Maybe your child is about to graduate. Or already away at college or on their own.
Or maybe you just want to get ready now for what’s to come later.
“Let the children come” (Matthew 19:14) isn’t just for your little ones. Help your children of all ages continue coming to the Lord.
How can you assist their transition from pizza party youth groups to an authentic working faith of their own?
Not by old strategies. What worked at nine won’t work when they’re nineteen. You no longer choose their bedtime Bible stories. You can’t drag them to Sunday school each week. No more gold stars for Bible chapters read.
So what can you do to help your older children stay in the Word?
HERE ARE 8 GUIDELINES:
1. Emphasize the Living Word (John 1:1)
Remember the goal isn’t to keep your child in the Bible; it’s for your child to abide in Jesus. Your kids may know the stories about Him; now help them discover how they fit into His story. Talk with them about how God is working in them and their circumstances. Bridge the written words in the Bible to the Living Word in their lives.
2. Invite them deeper into your world
When they’re home for a weekend, invite them to go with you to your adult spiritual gatherings. Suggest more mature Christians books for them to read. Share new things you are learning in scripture and get their opinions on it.
3. Go with them into their world
If they have their own church home, visit with them when invited. Look for positives there, withholding criticisms on non-essential differences. If they’re experimenting with gatherings different than your own or drawing opposing conclusions, discuss your views honestly, but don’t argue or dictate what they should believe.
4. Give them growing room
But what if they’ve left behind all things spiritual? Practice grace. Don’t show shock or fear if they open up to you about their doubts or new worldviews. You’re in relationship for the long haul—keep the communication lines open. Pray, influence when you can, and show them unconditional love (even if that means tough love for a season). Remain hopeful in the God who can transform.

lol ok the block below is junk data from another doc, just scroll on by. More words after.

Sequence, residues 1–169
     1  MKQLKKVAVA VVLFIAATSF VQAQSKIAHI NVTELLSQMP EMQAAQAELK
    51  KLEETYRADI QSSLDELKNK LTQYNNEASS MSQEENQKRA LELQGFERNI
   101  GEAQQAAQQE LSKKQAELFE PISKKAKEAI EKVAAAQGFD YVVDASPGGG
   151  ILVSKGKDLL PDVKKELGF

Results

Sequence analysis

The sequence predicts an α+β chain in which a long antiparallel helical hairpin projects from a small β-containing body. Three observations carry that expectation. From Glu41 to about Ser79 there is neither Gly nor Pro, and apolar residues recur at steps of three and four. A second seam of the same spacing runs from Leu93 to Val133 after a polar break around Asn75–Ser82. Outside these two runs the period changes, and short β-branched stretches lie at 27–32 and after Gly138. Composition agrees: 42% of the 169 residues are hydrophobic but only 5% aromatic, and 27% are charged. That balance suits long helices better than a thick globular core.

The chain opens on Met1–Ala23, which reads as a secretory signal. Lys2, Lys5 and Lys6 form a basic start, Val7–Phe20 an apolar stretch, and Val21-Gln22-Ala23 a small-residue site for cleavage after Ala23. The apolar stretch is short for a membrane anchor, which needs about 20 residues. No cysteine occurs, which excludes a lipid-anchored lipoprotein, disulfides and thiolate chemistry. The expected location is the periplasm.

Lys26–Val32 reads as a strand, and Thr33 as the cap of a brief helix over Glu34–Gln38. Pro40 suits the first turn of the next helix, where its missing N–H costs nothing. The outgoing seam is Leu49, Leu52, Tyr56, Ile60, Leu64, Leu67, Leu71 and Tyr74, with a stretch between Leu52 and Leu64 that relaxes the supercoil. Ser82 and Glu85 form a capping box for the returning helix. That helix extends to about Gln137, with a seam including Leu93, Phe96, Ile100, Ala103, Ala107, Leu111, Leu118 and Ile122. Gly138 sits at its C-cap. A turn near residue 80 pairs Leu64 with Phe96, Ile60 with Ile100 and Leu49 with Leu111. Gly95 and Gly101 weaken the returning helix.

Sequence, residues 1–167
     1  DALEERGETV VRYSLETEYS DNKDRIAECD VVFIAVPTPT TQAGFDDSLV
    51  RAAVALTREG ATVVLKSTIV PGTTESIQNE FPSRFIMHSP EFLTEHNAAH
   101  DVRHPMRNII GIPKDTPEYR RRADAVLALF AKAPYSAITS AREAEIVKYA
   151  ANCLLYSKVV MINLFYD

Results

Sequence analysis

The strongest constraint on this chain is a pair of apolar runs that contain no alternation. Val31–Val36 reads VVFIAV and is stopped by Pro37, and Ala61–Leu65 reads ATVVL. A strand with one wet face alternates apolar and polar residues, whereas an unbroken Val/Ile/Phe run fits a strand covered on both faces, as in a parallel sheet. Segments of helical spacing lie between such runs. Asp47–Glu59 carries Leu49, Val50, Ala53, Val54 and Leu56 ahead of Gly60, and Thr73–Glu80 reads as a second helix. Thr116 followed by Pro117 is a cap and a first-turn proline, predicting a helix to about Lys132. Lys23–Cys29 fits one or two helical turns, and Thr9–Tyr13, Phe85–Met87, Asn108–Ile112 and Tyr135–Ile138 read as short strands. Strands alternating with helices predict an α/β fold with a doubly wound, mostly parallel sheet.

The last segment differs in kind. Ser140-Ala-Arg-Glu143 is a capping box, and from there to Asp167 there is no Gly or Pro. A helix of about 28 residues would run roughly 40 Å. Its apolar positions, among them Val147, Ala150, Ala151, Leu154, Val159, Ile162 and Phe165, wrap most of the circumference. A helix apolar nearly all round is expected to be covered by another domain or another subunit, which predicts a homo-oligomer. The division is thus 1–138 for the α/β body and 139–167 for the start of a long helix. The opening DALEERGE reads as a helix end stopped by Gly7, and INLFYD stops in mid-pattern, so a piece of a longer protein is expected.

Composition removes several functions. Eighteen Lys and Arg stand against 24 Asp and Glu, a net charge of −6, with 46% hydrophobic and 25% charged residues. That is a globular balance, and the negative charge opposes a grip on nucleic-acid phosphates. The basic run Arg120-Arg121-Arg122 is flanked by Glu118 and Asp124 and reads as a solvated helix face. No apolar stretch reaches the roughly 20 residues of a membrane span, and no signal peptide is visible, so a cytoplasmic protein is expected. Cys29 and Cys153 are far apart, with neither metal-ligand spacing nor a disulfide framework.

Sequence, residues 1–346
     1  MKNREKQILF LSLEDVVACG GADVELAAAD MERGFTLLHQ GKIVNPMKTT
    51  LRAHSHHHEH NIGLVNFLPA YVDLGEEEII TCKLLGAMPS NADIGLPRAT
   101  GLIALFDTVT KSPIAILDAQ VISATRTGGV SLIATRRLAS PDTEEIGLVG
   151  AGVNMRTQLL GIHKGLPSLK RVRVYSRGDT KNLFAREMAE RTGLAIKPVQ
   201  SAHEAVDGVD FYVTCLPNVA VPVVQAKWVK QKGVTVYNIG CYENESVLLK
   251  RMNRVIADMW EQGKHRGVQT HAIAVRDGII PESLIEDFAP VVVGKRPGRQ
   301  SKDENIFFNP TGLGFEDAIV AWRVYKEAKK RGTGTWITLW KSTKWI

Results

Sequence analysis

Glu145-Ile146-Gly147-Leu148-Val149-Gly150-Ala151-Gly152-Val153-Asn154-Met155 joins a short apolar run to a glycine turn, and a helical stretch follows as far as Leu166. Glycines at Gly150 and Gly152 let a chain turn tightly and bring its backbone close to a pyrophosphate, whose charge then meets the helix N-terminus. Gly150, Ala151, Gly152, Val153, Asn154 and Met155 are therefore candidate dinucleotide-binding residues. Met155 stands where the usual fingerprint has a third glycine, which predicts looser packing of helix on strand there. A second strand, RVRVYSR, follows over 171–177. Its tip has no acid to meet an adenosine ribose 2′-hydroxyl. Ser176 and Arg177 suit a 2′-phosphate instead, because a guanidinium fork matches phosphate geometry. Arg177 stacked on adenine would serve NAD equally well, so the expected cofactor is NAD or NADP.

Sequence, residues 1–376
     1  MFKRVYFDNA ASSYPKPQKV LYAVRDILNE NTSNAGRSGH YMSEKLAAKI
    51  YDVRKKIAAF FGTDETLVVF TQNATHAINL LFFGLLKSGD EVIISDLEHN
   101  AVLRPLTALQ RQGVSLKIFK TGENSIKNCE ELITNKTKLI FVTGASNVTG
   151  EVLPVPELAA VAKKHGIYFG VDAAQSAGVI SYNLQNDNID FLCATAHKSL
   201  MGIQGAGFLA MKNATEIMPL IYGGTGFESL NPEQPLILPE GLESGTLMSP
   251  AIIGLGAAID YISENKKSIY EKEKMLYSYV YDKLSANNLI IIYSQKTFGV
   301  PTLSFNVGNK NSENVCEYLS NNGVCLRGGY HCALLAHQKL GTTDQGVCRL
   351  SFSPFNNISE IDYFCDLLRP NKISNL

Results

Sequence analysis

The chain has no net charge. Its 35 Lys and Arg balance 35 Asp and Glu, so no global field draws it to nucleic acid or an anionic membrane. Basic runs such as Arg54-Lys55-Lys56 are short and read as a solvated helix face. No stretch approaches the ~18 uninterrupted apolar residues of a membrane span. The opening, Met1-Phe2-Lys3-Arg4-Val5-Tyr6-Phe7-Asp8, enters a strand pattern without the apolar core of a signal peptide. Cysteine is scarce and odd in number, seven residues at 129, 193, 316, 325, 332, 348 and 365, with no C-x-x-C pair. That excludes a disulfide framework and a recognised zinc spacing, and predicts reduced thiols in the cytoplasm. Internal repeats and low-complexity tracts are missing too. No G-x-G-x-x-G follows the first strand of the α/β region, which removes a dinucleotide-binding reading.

5. Let them teach you
This can be a time of growth for you, too. Show excitement as they share what they’re learning, and incorporate that into your own spiritual walk. Be open about your doubts and be willing to change your beliefs if you’re wrong. Allow them to question your traditions, mindful to keep the dialogue respectful in both directions.
6. Keep up on current events
Stay abreast of hot issues relevant to your children and their friends, such as gay marriage, immigration reform, abortion. Pay attention to what interests them and others in their peer group. Equip yourself for godly and intelligent conversations about cultural changes.
7. Be their encourager
Don’t nag. Don’t lay guilt trips. Don’t transfer your anxieties onto them. Instead, remind them of God’s promises from His Word and offer prayers of encouragement. Send scriptures of hope in a card or a text. Point out how you see God as present and active in whatever they’re going through.
8. Release them (again) to God
Even if you gave them to God when they were tiny, you’ll find that you again want to hold tightly after they leave your nest. But remember God has more power, wisdom, and love to guide them in His steps than you do. Trust in His grace, not your parenting. He’ll be glorified when you depend more on Him than your own schemes of child protection.
As your children grow and struggle and eventually make their faith their own (we all pray!), your faith will continue to grow as well. Lean harder than ever on the God of grace. And as you get closer to Him, you’ll learn more how to love your child even better in this next phase of life.
What a great reward to have your son or daughter become a very special brother or sister in Christ, a true soul friend!
Please also read Teri Lynne’s 5 Guidelines for Helping Your Teenager Abide in the Word.
What advice would you give parents of college-age children? What’s a struggle you’re having or anticipating for that age? What helped (or hindered!) your faith after you turned 18? Please leave us your thoughts below.